No way I could go back. I just came upon this sentence in a book. "No way I could go back. I am a different self now." Do you say "No way could I go back"? Which one is more common?
Sep 27, 2019 11:39 PM
Answers · 4
Yeah... It's hard to explain when it's okay to omit words in casual speech. Of course, the sentence is wrong grammatically, but in conversation we often shorten sentences by leaving out words that aren't necessary. You've probably already seen plenty of conversations like this: A: "You ready?" [Are you ready?] B: "Not yet. Just a minute." [I'm not ready yet. I need another minute.] A: "Is this the right answer?" B: "Nope. Not even close." [No, it's not even close to being the right answer.] The sentence you mentioned is just an example of this, although in my opinion it's a rather awkward example. In some cases, writers will leave out words that most people actually DON'T leave out in speech, because they think that leaving out more words will make their writing sound more natural or casual (or, in some cases, more dramatic). Some authors are great at this, but others aren't. It's a skill. It's very hard for me to imagine anyone in real life saying "No way for me to go back." To me, this sounds like the kind of omission that would be much more likely to happen in a book or a movie script than in an actual conversation.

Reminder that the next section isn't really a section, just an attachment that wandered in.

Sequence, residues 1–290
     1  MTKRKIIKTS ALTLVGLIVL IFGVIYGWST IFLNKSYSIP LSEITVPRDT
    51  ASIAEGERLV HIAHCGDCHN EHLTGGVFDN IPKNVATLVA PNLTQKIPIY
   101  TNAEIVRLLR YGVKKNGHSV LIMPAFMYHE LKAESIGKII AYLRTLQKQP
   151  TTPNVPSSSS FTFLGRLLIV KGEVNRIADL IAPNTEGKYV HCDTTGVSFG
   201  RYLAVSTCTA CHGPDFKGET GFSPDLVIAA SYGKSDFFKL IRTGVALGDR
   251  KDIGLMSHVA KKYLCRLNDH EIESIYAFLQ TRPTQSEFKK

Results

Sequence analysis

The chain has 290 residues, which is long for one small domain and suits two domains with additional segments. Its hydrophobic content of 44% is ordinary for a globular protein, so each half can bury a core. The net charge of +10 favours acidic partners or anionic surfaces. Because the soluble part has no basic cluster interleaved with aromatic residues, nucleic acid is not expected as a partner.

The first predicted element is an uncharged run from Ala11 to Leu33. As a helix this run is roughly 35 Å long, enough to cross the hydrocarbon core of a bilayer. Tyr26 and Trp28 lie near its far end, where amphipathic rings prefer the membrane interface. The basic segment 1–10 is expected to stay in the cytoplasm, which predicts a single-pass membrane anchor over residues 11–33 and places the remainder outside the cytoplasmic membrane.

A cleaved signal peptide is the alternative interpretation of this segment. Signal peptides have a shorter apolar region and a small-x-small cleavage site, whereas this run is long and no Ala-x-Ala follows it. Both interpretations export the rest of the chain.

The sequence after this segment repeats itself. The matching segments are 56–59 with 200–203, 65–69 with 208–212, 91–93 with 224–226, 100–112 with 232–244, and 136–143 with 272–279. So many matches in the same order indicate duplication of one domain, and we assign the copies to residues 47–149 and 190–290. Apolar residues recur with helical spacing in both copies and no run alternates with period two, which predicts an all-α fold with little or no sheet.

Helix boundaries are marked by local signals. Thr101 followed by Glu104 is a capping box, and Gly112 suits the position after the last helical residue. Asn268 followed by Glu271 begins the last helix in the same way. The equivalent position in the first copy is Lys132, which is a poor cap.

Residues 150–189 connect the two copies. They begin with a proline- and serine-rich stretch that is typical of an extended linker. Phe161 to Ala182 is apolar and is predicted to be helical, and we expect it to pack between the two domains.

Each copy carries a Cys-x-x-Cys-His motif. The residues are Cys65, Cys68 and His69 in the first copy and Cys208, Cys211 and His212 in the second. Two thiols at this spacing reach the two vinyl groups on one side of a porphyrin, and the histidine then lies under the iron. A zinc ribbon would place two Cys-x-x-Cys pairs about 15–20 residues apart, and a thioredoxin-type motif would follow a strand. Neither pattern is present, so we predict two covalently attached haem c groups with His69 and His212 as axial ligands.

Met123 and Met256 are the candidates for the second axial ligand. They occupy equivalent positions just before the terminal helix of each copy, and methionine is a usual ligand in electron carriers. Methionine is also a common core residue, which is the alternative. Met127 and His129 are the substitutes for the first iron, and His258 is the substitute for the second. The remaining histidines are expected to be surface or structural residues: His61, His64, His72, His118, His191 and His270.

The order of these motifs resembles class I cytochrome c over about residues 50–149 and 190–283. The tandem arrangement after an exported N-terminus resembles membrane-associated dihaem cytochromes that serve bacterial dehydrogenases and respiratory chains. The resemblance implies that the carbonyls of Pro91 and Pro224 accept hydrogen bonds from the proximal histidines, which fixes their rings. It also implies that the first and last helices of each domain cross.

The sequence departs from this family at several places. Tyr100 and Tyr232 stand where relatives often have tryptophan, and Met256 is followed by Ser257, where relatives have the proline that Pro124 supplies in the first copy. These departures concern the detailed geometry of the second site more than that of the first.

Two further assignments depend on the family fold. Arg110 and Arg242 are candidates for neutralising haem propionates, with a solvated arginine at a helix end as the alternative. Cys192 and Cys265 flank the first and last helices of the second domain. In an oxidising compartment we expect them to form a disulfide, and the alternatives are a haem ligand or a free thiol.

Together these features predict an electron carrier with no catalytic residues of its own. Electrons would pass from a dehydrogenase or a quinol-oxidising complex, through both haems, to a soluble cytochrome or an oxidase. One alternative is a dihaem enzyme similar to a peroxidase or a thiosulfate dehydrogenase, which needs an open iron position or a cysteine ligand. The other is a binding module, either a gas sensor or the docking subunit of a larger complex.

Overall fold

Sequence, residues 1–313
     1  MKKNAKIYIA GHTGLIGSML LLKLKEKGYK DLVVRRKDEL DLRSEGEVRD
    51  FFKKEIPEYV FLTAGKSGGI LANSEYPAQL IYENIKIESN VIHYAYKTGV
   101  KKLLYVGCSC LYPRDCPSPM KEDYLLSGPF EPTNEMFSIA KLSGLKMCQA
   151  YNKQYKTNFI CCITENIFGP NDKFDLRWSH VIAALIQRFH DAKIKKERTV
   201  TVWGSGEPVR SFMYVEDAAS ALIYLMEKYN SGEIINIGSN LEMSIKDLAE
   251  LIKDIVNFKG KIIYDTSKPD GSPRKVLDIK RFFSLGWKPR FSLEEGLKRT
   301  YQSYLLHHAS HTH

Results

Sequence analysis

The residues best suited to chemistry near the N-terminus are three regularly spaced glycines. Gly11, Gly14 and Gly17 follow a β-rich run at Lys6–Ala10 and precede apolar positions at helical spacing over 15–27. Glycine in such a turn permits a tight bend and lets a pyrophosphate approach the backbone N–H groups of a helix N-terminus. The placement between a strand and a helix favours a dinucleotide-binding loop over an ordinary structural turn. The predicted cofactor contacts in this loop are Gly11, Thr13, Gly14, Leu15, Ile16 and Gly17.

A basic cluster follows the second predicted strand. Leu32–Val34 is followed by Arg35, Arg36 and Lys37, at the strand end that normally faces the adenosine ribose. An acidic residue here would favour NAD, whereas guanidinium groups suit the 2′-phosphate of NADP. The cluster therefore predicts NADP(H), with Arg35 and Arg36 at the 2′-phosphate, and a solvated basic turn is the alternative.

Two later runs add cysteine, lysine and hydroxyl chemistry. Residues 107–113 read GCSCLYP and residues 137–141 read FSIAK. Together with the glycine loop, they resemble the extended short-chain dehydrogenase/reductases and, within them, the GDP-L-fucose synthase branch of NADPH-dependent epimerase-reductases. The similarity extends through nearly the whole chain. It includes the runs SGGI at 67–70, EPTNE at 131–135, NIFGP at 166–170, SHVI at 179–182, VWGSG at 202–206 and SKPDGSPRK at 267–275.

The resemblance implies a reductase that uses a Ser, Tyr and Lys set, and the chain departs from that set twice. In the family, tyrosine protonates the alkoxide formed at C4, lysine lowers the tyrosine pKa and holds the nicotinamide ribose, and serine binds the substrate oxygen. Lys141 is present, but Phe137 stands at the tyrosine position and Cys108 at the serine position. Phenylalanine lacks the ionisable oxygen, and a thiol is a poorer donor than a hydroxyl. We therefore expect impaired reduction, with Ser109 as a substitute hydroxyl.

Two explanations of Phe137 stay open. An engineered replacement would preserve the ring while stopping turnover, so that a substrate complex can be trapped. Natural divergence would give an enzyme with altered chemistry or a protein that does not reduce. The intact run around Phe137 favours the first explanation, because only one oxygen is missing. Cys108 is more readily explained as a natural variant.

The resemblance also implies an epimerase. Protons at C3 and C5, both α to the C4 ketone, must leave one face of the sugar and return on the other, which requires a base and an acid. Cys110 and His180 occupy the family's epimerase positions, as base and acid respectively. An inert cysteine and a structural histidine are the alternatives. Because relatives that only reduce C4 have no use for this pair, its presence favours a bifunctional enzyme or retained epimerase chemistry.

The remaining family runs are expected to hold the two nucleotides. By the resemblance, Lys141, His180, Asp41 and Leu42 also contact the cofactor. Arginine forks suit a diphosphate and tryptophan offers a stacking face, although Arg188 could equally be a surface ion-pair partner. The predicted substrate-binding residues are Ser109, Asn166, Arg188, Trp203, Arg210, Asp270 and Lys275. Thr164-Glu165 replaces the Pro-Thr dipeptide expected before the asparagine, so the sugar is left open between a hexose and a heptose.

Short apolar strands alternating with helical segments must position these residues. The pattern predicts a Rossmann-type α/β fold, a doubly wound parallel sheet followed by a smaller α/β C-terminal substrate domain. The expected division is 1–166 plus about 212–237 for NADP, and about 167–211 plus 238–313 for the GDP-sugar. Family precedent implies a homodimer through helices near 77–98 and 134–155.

September 28, 2019
I'll take that into consideration when reading books. Thanks, JulieD.
September 28, 2019
In this sentence "There is" has been eliminated. Native English speakers sometimes eliminate some words from a sentence. The sentence can still be understood by the listener when it's part of an ongoing conversation.
September 27, 2019
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